if you've ever seen photos of East African women, one thing you probably noticed is the way they mix and match their clothing. Two or three brightly colored kangas (wraps) each with different colors and patterns, a different colored t-shirt on too. To celebrate this, my new line has a wonderful mix-and-match aesthetic with bright colors, repeating geometric motifs, and a batik look. Actually, it's funny about the batik paper-- I developed a technique for making designs on paper that looked a lot like batik but did not involve wax-- then later learned that the technique that I had 'developed' myself was also a very standard process used for handmade African batik textiles. That made me very happy to hear! As they say, great minds....
Anyway, I call it the Amara Collection. 'Amara' is Swahili meaning 'urgent business', 'assistance', 'aid'. These beads feature my batik papers with my original designs. They're accented with hammered sterling silver flourishes, and can be converted into either earrings or pendants.
Best of all, they're mix-and match! I've been asked several times in the past year whether I offer mix-and-match earrings. Now the answer is finally YES! Mix shapes, patterns, or colors (or all three if you're really bold) for a completely custom set. You can even get an earring trio-- one more earring gives you three different pairs.

So far the Amara pieces are available in three colors (mocha, moss, and sun), three patterns (fern, spiral, and wave), and 4 shapes in 3 sizes. (If you do the math on that, you'll see why it took me so long to get a good initial selection made-- 3 x 3 x 4 x 3= 108). Mocha is pictured here, and you can see both the fern and spiral patterns in the first picture. More photos of the other colors and patterns coming soon!

$1 per piece (thus $2 per pair of earrings) sold will be donated to the Stephen Lewis Foundation to support Panzi Hospital.

Friday, March 6, 2009

The other day I was completing yet another show application, this one allowing more in the way of an artist's statement than most do, so I took the opportunity to revise my older statement a bit. Among other things, I wrote about my wabi-sabi line:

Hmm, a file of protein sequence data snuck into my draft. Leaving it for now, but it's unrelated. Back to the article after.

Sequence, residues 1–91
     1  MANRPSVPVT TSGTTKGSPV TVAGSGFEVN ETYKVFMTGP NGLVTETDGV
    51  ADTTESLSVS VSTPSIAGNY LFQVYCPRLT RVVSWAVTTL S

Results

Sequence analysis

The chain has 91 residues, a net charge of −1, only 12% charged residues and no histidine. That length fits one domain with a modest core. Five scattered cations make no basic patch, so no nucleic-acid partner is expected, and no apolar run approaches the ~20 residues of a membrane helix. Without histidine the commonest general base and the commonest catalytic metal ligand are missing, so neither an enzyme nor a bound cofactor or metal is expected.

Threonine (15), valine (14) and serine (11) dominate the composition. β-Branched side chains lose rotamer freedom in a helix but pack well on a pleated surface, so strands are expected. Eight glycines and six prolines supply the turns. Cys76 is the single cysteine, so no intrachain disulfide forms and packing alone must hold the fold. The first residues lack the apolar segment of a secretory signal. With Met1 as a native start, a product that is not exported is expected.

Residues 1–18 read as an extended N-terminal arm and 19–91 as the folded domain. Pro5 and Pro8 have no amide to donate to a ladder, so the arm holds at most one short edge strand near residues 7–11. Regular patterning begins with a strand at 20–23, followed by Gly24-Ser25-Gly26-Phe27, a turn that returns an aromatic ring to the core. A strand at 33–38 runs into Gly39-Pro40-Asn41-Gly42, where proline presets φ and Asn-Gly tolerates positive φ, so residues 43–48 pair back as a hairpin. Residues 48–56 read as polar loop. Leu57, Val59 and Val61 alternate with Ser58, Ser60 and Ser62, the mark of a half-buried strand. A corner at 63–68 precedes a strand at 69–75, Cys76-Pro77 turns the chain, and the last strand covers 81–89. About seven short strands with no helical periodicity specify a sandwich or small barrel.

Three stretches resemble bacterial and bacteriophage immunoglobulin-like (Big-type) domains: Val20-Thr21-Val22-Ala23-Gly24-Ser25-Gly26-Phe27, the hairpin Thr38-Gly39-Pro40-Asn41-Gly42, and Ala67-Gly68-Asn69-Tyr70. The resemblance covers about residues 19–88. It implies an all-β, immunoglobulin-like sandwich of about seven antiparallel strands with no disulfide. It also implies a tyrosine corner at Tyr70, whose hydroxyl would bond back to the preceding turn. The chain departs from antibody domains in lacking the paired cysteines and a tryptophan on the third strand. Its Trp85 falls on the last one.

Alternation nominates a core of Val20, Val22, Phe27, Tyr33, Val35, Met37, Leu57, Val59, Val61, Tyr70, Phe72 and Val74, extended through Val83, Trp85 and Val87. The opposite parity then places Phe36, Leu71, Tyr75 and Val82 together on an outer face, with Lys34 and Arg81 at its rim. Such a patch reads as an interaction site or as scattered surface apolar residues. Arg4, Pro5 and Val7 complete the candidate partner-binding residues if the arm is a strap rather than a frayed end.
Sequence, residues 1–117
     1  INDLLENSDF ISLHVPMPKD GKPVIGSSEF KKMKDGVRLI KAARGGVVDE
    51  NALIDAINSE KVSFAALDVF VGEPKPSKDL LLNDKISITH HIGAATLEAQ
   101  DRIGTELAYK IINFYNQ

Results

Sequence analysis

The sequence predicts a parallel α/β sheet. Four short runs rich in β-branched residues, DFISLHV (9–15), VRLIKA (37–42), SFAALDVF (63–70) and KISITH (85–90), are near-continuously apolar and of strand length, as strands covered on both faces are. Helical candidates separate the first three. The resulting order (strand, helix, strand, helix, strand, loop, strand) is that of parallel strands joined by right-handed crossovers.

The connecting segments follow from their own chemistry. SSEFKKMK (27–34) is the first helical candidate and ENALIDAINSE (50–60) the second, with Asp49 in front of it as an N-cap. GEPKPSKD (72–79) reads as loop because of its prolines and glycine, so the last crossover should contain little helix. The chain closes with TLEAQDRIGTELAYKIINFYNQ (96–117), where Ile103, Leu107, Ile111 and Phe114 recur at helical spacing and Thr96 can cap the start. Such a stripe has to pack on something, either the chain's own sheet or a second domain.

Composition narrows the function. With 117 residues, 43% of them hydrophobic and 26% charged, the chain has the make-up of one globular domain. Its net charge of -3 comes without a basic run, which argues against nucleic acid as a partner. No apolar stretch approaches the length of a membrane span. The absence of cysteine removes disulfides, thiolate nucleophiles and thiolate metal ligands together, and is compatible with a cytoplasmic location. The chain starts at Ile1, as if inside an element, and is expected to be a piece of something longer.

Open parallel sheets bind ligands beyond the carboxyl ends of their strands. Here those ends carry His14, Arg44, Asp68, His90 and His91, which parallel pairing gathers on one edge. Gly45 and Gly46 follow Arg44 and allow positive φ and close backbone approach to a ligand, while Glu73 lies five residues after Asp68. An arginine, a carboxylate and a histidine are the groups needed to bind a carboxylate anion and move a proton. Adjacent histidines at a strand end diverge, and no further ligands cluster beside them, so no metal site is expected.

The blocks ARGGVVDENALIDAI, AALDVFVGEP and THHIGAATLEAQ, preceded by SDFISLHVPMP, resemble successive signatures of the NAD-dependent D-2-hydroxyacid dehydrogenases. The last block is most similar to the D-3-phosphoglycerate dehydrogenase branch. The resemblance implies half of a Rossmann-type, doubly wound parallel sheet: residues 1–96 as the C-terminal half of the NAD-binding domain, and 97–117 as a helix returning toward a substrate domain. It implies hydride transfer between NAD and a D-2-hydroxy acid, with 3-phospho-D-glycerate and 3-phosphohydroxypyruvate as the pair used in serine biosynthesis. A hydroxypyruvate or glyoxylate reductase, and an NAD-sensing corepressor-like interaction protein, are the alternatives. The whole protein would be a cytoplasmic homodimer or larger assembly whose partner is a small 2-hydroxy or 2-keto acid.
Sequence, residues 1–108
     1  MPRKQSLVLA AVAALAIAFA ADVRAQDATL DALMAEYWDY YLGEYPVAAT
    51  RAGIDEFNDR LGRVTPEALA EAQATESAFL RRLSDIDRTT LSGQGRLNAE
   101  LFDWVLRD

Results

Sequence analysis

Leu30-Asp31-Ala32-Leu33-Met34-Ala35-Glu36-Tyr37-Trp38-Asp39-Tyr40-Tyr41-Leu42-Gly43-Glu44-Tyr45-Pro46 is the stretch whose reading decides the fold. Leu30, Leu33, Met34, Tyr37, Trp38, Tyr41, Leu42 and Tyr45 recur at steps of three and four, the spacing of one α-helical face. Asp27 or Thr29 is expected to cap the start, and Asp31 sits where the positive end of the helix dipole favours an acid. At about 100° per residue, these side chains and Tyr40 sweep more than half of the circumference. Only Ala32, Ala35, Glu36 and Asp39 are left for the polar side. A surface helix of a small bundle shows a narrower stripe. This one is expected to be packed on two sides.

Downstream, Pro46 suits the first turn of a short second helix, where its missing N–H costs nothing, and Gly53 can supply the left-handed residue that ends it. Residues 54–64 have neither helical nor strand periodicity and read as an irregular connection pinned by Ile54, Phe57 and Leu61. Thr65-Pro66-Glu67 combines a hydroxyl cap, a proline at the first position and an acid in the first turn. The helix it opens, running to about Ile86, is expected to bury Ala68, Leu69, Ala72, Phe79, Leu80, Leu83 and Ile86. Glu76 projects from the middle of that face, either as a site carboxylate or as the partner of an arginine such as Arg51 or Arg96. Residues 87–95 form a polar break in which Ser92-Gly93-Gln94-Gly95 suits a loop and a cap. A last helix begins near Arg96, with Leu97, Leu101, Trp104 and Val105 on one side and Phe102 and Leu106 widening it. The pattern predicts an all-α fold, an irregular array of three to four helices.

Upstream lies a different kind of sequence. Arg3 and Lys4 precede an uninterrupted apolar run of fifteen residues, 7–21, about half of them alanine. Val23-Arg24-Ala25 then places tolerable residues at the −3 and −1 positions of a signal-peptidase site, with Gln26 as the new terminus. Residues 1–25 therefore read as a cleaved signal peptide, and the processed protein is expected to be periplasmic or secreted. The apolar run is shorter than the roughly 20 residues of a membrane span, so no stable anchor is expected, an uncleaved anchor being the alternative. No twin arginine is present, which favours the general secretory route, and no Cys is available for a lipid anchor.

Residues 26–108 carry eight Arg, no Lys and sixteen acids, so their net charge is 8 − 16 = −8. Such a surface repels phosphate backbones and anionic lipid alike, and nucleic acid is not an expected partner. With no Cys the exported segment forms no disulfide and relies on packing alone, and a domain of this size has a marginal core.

In this body of work, I explore the contrasts between organic and geometric forms, natural and manufactured materials, transience and permanence.

I stopped there for the purposes of the application, but after looking at it for a few days, I feel the need to elaborate. Just a little.

I don't start out with these principles in mind, I make what pleases my eye during the process. But in describing the resulting objects after the fact, these contrasts do comprise the guiding aesthetic in these pieces. Organic and geometric: I've got torn edges, crumpled forms, and rectangles and straight lines of wire connecting things up. Natural/manufactured: paper made of cotton fiber, earth pigments, with resin. Silver and nylon. Transience and permanence: again, paper, crumpled and worried, but set in a form that will last a while with the help of the resin.

I think these contrasts are especially powerful expressed in jewelry. Here's where jewelry as art has an advantage over other mediums, as the contrasts expressed in the jewelry are echoes of the contradictions of our human bodies themselves and our attempts to preserve, beautify, and modify them. Even the very act of wearing jewelry is a part of this system of contrasts.

Tuesday, March 3, 2009

In my pokings-about on Project Gutenberg yesterday, I randomly came across a history of ink. "Forty Centuries of Ink", it's titled. Excellent. I'm going to try reading it-- it seems like the sort of thing I should read. The author claims that "the bibliographical story of "Ink" is replete with many interesting episodes, anecdotes and poetical effusions", so I expect to be entertained.

Monday, March 2, 2009

Environmental Realists

I'm pleased to introduce the latest gallery carrying my work: Environmental Realists of Sedona, Arizona, located in the Tlaquepaque Arts and Crafts Village. It's a beautiful shop-- do stop by if you happen to be lucky enough to find yourself in Sedona!